A catalogue of the records for Cambridgeshire has been made
to form the basis of a Historical Flora of Cambridgeshire consisting of a transcription
of published records since 1538, including those from W Turner and J Gerarde and
encompassing all the floras of the county. All the records from the herbaria at
Cambridge, Saffron Walden, Reigate, Wisbech and York have been catalogued from
the original sheets, together with the Red Data Book species in the BM and Kew.
Wherever possible, transcriptions of manuscript material previously unpublished
in our Floras have been transcribed from the originals.
Part I deals with about 360 Rare Species and Part II with about 1,100 Alien Species
in the county. (Since the corrections and additions made in October 2002 to Part
I were not added to the downloading facility, this has now been done.) Species
which are already in Part I are added to Part II if there are recent additions
and corrections and a link is provided between Parts I and II. Part III consists of all the remaining species under the general heading of Common and Uncommon species (about 790 species and hybrids).
A printed-out version has been deposited in the library of the
Natural History Museum at South Kensington; The University Library at Cambridge;
The University Botanic Garden and the Department of Plant Sciences, Cambridge; and the Cambridge Collection section
of the County Council Library at the Lion Yard, Cambridge.
When the facility of freely down-loading was made, it was decided that there would
not be any need for a CD-Rom and this was therefore never made.
In the 1950s recorders in Cambridgeshire began to use printed cards of species
lists and these were then mechanically sorted. These records were published in
the Atlas of the British Flora (1962) and A Flora of Cambridgeshire (1964), the
latter including a list of all 10Km squares/species. This resulted in subsequent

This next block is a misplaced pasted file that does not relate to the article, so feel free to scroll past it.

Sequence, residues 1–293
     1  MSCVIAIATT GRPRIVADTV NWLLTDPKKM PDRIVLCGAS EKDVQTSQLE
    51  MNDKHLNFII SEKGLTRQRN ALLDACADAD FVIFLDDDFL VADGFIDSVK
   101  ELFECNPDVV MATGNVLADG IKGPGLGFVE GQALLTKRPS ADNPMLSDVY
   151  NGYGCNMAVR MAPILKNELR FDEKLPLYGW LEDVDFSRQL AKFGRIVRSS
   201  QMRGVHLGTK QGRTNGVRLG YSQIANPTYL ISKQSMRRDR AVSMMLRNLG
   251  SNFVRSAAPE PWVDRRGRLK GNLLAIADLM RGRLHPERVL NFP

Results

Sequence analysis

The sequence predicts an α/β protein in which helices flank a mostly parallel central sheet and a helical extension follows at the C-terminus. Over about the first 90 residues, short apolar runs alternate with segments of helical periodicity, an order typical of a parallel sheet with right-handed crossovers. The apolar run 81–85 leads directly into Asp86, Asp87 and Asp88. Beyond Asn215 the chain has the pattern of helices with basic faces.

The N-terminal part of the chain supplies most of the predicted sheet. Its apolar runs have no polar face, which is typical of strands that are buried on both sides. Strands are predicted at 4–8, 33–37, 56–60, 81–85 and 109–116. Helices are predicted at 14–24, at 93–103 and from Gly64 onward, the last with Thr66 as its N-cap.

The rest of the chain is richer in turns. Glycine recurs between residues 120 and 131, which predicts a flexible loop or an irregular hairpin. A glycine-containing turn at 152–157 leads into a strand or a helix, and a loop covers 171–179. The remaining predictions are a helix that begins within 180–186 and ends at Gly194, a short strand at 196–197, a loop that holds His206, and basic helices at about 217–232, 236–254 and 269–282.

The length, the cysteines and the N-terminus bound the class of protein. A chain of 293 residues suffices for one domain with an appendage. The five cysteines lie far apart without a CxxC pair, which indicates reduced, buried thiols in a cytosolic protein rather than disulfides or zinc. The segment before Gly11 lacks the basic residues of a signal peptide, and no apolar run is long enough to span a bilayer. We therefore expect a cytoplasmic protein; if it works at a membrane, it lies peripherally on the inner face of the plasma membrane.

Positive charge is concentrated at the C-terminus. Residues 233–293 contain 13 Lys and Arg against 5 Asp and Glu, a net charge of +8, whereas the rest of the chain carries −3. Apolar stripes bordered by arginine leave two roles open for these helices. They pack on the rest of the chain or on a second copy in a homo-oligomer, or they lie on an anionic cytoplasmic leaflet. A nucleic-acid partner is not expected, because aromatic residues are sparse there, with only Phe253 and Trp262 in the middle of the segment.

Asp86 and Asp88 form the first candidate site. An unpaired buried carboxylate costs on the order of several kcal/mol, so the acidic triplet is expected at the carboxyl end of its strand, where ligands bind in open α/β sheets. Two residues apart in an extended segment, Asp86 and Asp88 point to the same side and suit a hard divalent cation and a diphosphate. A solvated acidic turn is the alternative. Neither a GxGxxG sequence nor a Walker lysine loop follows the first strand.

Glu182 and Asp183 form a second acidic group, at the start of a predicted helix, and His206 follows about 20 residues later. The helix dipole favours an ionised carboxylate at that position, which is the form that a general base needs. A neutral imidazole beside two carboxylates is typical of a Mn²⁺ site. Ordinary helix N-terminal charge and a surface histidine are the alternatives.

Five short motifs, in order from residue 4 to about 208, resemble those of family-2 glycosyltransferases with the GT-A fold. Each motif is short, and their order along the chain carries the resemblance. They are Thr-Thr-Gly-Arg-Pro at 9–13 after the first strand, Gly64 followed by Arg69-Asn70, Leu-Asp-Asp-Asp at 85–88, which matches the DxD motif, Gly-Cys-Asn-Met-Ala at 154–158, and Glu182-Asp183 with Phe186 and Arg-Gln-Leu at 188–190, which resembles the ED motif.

recorders such as Robert Payne and Graham Easy, sending in only records for new
10Km squares. Such records were sent in on individual record cards
with full details, and then passed on to BRC for the national database. However,
with the advent of recording on a tetrad basis introduced by Richard Pankhurst
in 1972, this kind of detailed record was not kept.
At present the records made on printed cards as well as individual records are
transferred to the Cambridge Flora Groups database on Recorder. These records
have been incorporated into the Catalogue but when there are more than 50 records
for a species in the database, only the total number is given.The Catalogue therefore
does not give an up to date distribution (particularly not of the common species)
of the flora. This information will be found in the printed maps of the New Atlas
of the British and Irish Flora, 2002 and in the Vice-county recorders (Nick Millar)
copy of Recorder.
The records for Cambridgeshire are so numerous that it seems unlikely that all
of them can ever be published in book form and the Internet seems to be the only
way of making this information freely available. The aim is to make this enormous
archive of records available, so that it can be used by anyone in any manner they